Not out

Not out

In cricket, a batter who is not dismissed

In cricket, a batsman is not out if they come out to bat in an innings and have not been dismissed by the end of an innings.[1] The batsman is also not out while their innings is still in progress.

The scoreboard at Lord's during the Test match between England and New Zealand in 2013, showing Trent Boult as the Not Out batsman at the end of New Zealand's second innings.


At least one batter is not out at the end of every innings, because once ten batters are out, the eleventh has no partner to bat on with so the innings ends. Usually two batters finish not out if the batting side declares in first-class cricket, and often at the end of the scheduled number of overs in limited overs cricket.

Batters further down the batting order than the not out batters do not come out to the crease at all and are noted as did not bat rather than not out;[2] by contrast, a batter who comes to the crease but faces no balls is not out. A batter who retires hurt is considered not out; an uninjured batter who retires (rare) is considered retired out.


In standard notation a batter's score is appended with an asterisk to show the not out final status; for example, 10* means '10 not out'.

Effect on batting averages

Batting averages are personal and are calculated as runs divided by dismissals, so a player who often ends the innings not out may get an inflated batting average, on the face of it.[3] Examples of this include MS Dhoni (84 not outs in ODIs), Michael Bevan (67 not outs in ODIs), James Anderson (101 not outs in 237 Test innings), and Bill Johnston topping the batting averages on the 1953 Australian tour of England.[3]

Using the formula of runs divided by innings understates performance for the following reasons:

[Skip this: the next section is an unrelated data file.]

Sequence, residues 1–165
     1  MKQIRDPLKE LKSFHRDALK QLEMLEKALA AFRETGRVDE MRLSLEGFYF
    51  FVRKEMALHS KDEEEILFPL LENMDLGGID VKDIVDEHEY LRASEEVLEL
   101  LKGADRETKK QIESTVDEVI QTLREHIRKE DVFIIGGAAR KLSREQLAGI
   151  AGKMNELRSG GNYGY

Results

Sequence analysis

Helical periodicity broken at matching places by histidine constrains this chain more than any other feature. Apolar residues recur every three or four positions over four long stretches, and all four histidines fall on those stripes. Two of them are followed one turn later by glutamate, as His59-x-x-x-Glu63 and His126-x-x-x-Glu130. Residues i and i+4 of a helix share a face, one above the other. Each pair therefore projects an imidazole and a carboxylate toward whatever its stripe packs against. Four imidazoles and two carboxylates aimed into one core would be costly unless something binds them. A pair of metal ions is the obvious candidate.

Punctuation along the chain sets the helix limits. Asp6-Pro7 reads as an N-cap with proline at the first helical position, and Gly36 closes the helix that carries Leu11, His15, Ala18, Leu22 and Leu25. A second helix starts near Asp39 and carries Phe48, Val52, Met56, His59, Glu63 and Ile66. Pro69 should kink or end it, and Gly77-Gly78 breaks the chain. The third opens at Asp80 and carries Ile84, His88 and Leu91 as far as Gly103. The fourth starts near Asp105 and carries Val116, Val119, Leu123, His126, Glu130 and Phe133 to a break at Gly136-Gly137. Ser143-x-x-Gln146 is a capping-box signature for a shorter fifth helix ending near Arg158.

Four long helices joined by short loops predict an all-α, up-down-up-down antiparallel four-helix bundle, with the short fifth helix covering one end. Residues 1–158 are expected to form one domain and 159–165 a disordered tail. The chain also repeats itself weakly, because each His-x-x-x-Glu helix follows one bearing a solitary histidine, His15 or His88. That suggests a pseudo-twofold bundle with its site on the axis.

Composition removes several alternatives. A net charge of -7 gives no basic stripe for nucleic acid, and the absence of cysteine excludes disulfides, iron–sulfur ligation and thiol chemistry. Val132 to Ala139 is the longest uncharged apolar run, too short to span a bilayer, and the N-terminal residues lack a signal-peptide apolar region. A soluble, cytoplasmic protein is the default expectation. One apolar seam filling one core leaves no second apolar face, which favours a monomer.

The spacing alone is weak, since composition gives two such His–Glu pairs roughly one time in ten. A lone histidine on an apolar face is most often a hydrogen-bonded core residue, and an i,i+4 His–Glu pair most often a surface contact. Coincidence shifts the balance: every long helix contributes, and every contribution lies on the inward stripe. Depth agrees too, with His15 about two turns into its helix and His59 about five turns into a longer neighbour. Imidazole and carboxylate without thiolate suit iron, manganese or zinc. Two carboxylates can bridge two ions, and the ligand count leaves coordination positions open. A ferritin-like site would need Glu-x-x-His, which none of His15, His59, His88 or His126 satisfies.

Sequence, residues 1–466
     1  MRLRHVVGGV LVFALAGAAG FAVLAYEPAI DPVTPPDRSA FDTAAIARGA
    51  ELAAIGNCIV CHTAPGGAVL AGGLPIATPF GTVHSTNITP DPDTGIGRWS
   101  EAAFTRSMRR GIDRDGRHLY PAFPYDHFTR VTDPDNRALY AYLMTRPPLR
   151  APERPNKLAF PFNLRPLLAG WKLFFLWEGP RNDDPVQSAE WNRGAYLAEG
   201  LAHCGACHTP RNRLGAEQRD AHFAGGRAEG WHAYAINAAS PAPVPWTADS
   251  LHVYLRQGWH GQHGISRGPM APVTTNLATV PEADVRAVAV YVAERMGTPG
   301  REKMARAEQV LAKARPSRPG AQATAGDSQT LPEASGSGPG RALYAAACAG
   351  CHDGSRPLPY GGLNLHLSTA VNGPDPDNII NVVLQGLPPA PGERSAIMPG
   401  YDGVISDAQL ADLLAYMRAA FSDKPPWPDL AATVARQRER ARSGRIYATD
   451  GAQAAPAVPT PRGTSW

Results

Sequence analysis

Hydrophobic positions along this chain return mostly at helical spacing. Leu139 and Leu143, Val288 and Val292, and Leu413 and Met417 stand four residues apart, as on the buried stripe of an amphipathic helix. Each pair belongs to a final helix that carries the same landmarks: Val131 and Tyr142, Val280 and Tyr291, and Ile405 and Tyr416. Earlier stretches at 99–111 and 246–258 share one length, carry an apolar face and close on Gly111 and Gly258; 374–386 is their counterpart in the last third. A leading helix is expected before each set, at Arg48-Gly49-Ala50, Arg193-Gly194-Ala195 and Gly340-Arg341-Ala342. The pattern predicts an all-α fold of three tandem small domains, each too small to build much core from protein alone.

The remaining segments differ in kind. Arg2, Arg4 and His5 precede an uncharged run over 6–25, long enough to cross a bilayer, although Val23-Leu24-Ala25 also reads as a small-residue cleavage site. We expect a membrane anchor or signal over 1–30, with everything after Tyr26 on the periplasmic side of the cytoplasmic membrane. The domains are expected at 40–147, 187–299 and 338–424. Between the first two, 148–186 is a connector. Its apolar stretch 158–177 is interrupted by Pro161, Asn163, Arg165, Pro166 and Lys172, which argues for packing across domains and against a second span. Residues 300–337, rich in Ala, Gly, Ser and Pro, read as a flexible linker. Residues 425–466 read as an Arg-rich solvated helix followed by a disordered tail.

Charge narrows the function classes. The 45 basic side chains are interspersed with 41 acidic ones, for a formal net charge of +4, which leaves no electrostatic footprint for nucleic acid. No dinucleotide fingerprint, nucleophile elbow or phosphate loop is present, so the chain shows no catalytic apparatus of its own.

• If not outs were counted as dismissals a usually high-scoring batter could bat briefly. They may regularly make a low score, not out, facing a low number of balls from a bowler and thus be penalized for factors out of their control.
  • A batter will tend to be at their most vulnerable early in the innings before they have "got their eye in"; as a result, it may be a greater achievement to achieve two scores of 20 not out (i.e. averaging 40) than to make one score of 40, since in the latter instance the batter will only have had to deal with one set of variables (see ceteris paribus, all things remaining approximately equal).

These counterbalancing elements have been at the heart of the rationale of keeping the existing formula (runs divided by dismissals) in the 21st century among cricket statisticians, who have used this method of collecting batting averages since the 18th century, after some intervening controversy.[citation needed]


  1. "The Complete Guide To Understanding Cricket". Deadspin. 2 November 2016. Retrieved 2020-09-10.
  2. Frindall, Bill (13 April 2006). "Stump the Bearded Wonder No 120". BBC Online. Retrieved 8 July 2010.

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